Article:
President Obama has pledged to help Main Street where it is hurting the most. Here's a look at where he's followed through -- and where he hasn't.
- October 10, 2008, Chillicothe, Ohio
What happened: Recent efforts to help small businesses haven't mirrored those implemented in the aftermath of 9/11, but new measures from the stimulus have been productive. Obama's $787 billion stimulus plan includes incentives for banks to make more loans backed by the Small Business Administration. The program temporarily reduces fees associated with those loans and ups the loan guarantees to 90%.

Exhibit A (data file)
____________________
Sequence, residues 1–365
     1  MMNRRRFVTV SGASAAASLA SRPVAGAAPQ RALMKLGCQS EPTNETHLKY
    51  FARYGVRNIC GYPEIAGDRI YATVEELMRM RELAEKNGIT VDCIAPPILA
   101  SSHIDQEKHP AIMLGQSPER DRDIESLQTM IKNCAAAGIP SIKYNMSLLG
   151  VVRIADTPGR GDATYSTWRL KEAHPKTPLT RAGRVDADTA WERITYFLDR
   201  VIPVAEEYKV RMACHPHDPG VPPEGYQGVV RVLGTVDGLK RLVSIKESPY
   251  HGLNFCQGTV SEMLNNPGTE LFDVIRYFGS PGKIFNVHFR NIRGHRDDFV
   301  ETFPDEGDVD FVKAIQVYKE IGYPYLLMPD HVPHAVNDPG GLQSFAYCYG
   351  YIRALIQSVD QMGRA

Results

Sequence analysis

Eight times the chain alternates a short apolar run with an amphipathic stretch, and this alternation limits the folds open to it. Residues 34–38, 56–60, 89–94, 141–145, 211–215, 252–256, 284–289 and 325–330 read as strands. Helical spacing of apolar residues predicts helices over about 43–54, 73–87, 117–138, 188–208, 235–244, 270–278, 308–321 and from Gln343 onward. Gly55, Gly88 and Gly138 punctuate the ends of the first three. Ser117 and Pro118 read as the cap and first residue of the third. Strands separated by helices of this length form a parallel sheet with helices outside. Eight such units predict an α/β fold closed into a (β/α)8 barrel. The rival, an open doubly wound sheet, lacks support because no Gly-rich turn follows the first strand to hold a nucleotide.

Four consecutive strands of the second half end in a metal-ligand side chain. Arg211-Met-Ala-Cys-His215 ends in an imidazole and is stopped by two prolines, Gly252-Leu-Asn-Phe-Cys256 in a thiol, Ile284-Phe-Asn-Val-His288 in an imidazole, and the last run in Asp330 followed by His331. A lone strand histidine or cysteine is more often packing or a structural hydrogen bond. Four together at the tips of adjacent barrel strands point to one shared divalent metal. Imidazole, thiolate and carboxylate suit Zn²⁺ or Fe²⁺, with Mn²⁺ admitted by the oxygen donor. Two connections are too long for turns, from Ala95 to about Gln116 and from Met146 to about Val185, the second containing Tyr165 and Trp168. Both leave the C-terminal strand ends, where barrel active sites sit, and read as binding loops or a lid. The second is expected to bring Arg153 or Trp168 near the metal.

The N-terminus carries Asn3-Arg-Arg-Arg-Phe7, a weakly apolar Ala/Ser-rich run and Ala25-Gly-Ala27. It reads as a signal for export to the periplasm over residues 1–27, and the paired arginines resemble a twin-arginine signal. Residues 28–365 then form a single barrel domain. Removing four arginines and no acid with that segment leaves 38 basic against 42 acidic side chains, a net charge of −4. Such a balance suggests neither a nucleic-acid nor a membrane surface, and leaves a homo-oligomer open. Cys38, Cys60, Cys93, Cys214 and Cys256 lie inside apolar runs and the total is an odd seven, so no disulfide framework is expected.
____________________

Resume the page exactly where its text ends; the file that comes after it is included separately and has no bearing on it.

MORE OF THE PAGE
The plan also calls for a new initiative known as "America's Recovery Capital," which allows viable small businesses to receive interest-free loans of up to $35,000 to pay down existing debts.
But lending activity remains down, primarily because banks still see small business loans as a huge risk. (According to one analyst's report, their 2008 failure rate hit almost 12%, compared to 2.4% in 2004.) Banks also hesitate before making SBA-guaranteed loans because they cost a great deal to administer -- regardless of the loan amount -- and because the agency can back out of these guarantees even after banks make the loans.
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